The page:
Partnership, Notice of retirement of partner. Notice. Agency, Undisclosed. Attorney at Law.
Where one copartnership, which has been selling merchandise for several years to another copartnership, adds new members to its firm without giving any notice to the buying copartnership, and subsequently one member of the buying copartnership retires by agreement and no notice is given to the selling copartnership, which a year after such retirement gives to the buying copartnership notice of the additions to its firm and then continues to sell goods to the buying copartnership and in so doing relies in part upon the credit of its retired partner, such retired partner is liable with his former copartners for the purchase price of such goods, and, if it was not known to the retired partner who were the members of the selling copartnership, such fact does not affect his liability.
The decision reported in Vietor v. Spalding, 199 Mass. 52 , to the effect that an attorney at law who is retained generally by a client but, at the time of his receiving notice of the dissolution of a partnership with which his client has business dealings, is not acting on behalf of his client in any matter, has no authority to receive such notice on behalf of his client, affirmed.
CONTRACT upon an account annexed for merchandise alleged to have been sold to the defendants by the plaintiffs. Writ in the Municipal Court of the City of Boston dated September 17, 1902.
The case was previously before this court, when it was held in a decision reported in 199 Mass. 52 , that, upon the evidence introduced at a previous trial, a notice to W. A. Knowlton, Esquire, was not a notice to the plaintiffs of the withdrawal from the defendants' firm of the defendant Atwood.
The case was tried again before Pierce, J. Besides the facts stated in the present opinion, it appeared that the sales of goods for which recovery was sought occurred at various times between February 21, 1900, and August, 1900, and that the two firms or their predecessors had had business relations since 1894.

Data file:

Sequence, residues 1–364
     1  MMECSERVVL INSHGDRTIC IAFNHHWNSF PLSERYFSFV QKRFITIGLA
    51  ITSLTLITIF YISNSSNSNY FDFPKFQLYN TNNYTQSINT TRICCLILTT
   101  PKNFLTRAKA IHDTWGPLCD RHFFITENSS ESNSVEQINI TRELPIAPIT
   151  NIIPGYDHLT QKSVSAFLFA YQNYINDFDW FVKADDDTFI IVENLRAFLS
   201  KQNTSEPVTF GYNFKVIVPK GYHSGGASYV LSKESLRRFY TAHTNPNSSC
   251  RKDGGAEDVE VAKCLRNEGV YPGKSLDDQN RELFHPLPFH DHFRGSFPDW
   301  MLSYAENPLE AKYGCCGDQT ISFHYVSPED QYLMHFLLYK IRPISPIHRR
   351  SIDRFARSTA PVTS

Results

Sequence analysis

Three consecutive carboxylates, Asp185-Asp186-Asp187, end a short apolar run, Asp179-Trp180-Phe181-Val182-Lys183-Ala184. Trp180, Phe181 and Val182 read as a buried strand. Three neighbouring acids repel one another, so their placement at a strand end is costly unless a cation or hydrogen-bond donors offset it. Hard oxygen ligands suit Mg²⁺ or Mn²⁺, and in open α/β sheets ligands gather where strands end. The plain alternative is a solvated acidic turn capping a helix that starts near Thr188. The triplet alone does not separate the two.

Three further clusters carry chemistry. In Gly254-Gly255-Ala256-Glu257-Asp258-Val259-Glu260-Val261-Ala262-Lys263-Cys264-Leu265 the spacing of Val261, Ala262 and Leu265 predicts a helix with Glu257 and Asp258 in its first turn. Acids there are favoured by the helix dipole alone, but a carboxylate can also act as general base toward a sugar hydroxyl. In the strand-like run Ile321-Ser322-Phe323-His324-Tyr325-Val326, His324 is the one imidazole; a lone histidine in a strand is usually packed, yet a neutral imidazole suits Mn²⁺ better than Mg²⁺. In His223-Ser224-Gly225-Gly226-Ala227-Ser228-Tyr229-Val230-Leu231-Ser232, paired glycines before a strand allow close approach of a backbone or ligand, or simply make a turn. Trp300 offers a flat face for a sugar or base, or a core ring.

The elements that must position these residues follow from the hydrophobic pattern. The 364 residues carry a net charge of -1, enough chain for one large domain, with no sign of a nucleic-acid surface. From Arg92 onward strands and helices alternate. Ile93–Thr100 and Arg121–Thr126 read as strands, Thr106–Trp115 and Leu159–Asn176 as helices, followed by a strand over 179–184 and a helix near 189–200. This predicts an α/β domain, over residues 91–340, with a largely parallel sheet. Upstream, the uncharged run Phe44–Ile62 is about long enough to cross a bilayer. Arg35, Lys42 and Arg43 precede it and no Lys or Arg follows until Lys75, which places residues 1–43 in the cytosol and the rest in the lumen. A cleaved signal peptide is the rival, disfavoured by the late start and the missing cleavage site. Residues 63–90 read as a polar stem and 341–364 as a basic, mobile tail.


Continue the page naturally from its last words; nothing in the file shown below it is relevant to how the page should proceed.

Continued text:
As to the notice referred to in the third question to the jury, the bill of exceptions states: "The plaintiff firm on the first of January, 1898, took into copartnership two new members, to
wit: Thomas F. Vietor and Thomas Schmidt. The plaintiffs gave no notice to the defendant Atwood, to the public nor to C. E. Spalding & Company of this admission of these two partners, nor had they any knowledge thereof except that a written notice was put in evidence given on January 2, 1900, that Schmidt and Thomas F. Vietor were admitted to the plaintiff firm on January 2, 1900, which contained their authorized firm signatures. This was a year after the retirement of Atwood from the defendant firm, and more than a month before the plaintiff began the sale and delivery of the goods sued for."
The following questions were submitted to the jury by the presiding judge, and answered by them:
"1. Did Atwood retire from the firm of C. E. Spalding and Company on January 1, 1899, or July 1, 1899?" Ans. "January 1, 1899."
"2. Did the plaintiffs rely upon the responsibility of Atwood with the other partners of C. E. Spalding and Company in giving credit to the firm of C. E. Spalding and Company?" Ans. "Yes."
"3. Did Atwood or C. E. Spalding and Company ever receive any notice of the admission of Thomas Schmidt and Thomas F. Vietor to the firm of Vietor and Achelis prior to the written notice dated January 2, 1900?" Ans. "No."